The Muslims are coming, and we live amongst you, and want to be able to express ourselves without having our First Amendment rights infringed upon…just an FYI.
In New York City, over five million people take the subway every single day, and advertisements plastered on the walls, and in the subway are an integral part of the subway experience.
Canada was recently in the news for their progressiveness, due to their willingness to tackle xenophobia with witty, funny slogans that actively challenge the “Go back to where you came from,” narrative that is emerging as Syrian refugees try to find a safe haven.
Just below Canada, not to far away, in one of the most diverse cities in the world–New York City–the complete opposite is happening, with the MTA deciding to ban “political” ads, and in turn, sparking up a debate about free speech.
While trying to advertise their upcoming film, comics Negin Farsad and Dean Obeidallah created ads to promote their new their documentary The Muslims Are Coming. On these ads are “facts” about Muslims.
One of the facts is that “Grown up Muslims can do more pushups than baby Muslims.”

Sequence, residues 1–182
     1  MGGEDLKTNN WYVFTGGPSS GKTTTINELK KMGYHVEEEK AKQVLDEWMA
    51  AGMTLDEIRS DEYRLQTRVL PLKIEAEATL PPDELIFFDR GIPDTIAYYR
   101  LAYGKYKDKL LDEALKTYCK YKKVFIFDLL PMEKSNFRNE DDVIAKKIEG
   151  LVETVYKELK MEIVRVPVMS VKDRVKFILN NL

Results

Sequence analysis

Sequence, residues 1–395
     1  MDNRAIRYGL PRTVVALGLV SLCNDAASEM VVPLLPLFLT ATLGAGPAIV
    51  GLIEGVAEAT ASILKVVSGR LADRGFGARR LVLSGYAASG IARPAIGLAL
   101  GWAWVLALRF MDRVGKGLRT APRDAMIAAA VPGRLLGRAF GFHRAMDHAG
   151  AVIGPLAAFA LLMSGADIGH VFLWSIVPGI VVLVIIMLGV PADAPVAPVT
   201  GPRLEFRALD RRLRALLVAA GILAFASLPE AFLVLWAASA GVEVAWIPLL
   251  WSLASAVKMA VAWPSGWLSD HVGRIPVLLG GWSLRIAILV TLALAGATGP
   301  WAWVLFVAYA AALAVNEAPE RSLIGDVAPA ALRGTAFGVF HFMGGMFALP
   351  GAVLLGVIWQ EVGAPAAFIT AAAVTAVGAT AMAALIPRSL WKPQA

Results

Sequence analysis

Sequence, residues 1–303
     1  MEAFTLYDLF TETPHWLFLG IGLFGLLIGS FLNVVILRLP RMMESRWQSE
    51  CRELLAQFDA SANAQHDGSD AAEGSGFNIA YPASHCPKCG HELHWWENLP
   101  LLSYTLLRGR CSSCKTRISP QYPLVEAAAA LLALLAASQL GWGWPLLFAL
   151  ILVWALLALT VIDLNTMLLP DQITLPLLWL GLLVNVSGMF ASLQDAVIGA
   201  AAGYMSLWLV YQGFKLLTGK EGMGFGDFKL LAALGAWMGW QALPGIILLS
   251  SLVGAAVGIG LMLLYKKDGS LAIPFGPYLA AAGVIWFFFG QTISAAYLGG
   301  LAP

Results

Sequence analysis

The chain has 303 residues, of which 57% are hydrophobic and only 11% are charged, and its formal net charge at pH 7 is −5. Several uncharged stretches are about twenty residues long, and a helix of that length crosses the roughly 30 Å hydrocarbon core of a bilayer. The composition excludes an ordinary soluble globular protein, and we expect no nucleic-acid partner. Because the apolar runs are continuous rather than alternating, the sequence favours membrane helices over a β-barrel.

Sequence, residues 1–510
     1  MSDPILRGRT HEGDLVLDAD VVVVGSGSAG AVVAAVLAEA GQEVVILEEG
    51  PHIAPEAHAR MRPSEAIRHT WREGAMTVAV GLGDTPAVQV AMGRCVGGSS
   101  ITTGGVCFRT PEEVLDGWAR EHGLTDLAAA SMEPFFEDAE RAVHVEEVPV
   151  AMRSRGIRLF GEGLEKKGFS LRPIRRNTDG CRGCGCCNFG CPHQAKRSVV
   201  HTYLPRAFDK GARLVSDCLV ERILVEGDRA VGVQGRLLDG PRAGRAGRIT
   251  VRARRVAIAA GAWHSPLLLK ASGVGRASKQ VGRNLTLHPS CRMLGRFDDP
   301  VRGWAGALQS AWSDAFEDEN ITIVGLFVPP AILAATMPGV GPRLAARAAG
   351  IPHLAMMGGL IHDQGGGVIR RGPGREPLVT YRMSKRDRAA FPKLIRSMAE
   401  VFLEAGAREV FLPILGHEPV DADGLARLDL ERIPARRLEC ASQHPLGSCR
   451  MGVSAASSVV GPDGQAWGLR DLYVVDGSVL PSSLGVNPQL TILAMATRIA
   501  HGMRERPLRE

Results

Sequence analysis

Another fact proudly boasts, “Muslims invented Justin Timberlake.” (Personally, I’m not willing to claim Justin Timberlake, but I do appreciate this humor.)
After five months of working with the MTA, and having these ads approved, the MTA board did a quick about face, and decided to ban political ads.
But let’s be honest: What is it about those “facts” that’s political? Is it merely the idea–the very audacity–that Farsad and Obdeillah decided that run a campaign that asserted the normalcy of Muslims at a time when Muslims are being criminalized? Is it because Muslims aren’t viewed as American?
Instead, we’re seen as something “exotic” and foreign, far away…even though it was Black Muslim labor that built this country.
Trump is trying to ban us from coming into the country, even though a lot of us were born here and some of our ancestors helped build this country.
Muslims have been in the United States since the inception of its existence. We live amongst you, and want to be able to express ourselves without having our First Amendment rights infringed upon.
And yes, we come in peace.